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January 16 2023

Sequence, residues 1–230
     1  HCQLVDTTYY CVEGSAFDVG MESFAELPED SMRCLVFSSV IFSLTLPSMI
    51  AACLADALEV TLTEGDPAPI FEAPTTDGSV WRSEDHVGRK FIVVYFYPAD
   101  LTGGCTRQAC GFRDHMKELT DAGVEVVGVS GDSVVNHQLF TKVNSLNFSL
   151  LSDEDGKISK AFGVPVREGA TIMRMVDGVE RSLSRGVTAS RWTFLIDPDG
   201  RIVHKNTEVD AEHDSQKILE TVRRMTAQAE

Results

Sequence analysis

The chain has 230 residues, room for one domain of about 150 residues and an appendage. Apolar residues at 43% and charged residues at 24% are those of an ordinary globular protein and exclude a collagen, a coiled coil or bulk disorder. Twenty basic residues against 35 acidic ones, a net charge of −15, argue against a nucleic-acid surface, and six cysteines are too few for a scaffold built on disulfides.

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14 Journal of Commerce | J anuar y 16, 2023 www.joc.com Cover Story 10 percent year over year in 2023, according to Prologis. Stockpiles still rising Warehousing costs are still rising because demand exceeds supply. Warehousing space tightened across the US as imports soared during 2021 and 2022, especially when many US importers pulled imports forward from the second half to the first half of 2022. That surge in goods pulled down the national average warehouse vacancy rate from about 5 percent in 2020 to about 3 percent this year. Prologis and industrial developer JLL put the US average industrial vacancy rate at the end of the third quarter at 3.3 percent. Prologis expects the average vacancy rate to climb to 4 percent by the end of 2023, but that's still below the long-term average of 6.4 percent. Even if demand fell to nothing, the resultant vacancy rate would be 5.9 percent, Prologis said in its report. That tightness will keep pressure on warehousing rates, even as devel- opers race to finish projects in their pipelines and a slowing US economy saps some consumer demand for goods. A survey by developer CBRE in November found that 64 percent of respondents plan to expand their warehousing footprint, with 47 percent planning to increase their space by more than 10 percent. That reflects an emerging ware- housing market that is more com- plex operationally and diverse in the size and nature of facilities and their location across the US. Prologis also predicts more warehousing and distribution devel- opment will shift from Southern California, where towns and cities are restricting development in an already overcrowded market, to Texas. By November, one-third of the buildings under construction in California's Inland Empire were in communities with proposed or existing moratoriums on industrial development, the company said. "Regionalizing supply chains will send more goods through Mexico and Texas," said Prologis. JOC email: bill.cassidy@spglobal.com twitter: @willbcassidy new projects will be put on hold. Industrial real estate developer Prologis expects new warehousing starts — construction projects begun in a given period — to drop 60 percent year over year in 2023. In a report released in December, Prol- ogis said total new starts should fall to fewer than 175 million combined square feet in 2023, the lowest level since 2015, when new starts totaled 155 million square feet. New starts have exceeded 400 million square feet in each of the past two years, according to Prologis. The company's latest predictions support earlier forecasts for a tight- ening warehousing market in 2023. "We've already seen quarterly starts fall 30 percent from their peak in Europe and expect a similar pattern in the US," Prologis said. A pullback to 175 million square feet would create a shortage of space in 2024, putting more strain on supply chains and adding to storage distribution costs, even as US shippers claw back some of the transportation cost increases of the past three years. Warehousing rents are expected to rise by more than US SHIPPERS WILL enjoy reduced transportation costs in 2023, but they shouldn't expect relief on the warehousing side of the supply chain ledger. That's because warehousing capacity is predicted to get tighter as 2023 progresses, not more abundant, despite the substantial number of distribution and warehousing con- struction projects now under way and ešorts to reduce inventories. The key problem will be capital costs for construction projects — i.e., the one-oš expenses related to the acquisition, construction, or improvement of fixed assets such as land or buildings. Those costs, financed by third-party investors such as banks, are rising under pres- sure from US interest rates and infla- tion. Financing has become harder to find. That's a problem well beyond the supply chain. The same issue ašect- ing the warehousing and distribution market is also cutting into new resi- dential construction in the housing market, for example. The increase in capital costs joins rising inventory carrying costs in squeezing the ware- house end of the supply chain. US storage costs rose 19.9 per- cent year over year in 2021, accord- ing to the Council of Supply Chain Management Professionals' 2022 State of Logistics report. In compar- ison, total inventory carrying costs rose 25.9 percent, higher than the 21.7 percent increase in transporta- tion costs. "As the [US] Federal Reserve con- tinues its rate hikes to curb inflation, the capital markets have responded with overwhelming caution until there is clarity on when the Fed will stop and where interest rates are likely to settle," commercial real estate investment firm Marcus & Millichap said in a December report on capital markets. That means more Logistics real estate developer Prologis expects new warehousing starts to drop 60•percent in 2023. Shutterstock.com "We've already seen quarterly starts fall 30 percent from their peak in Europe and expect a similar pattern in the US." Slowing starts US warehousing constraints to tighten in 2023: developers By William B. Cassidy

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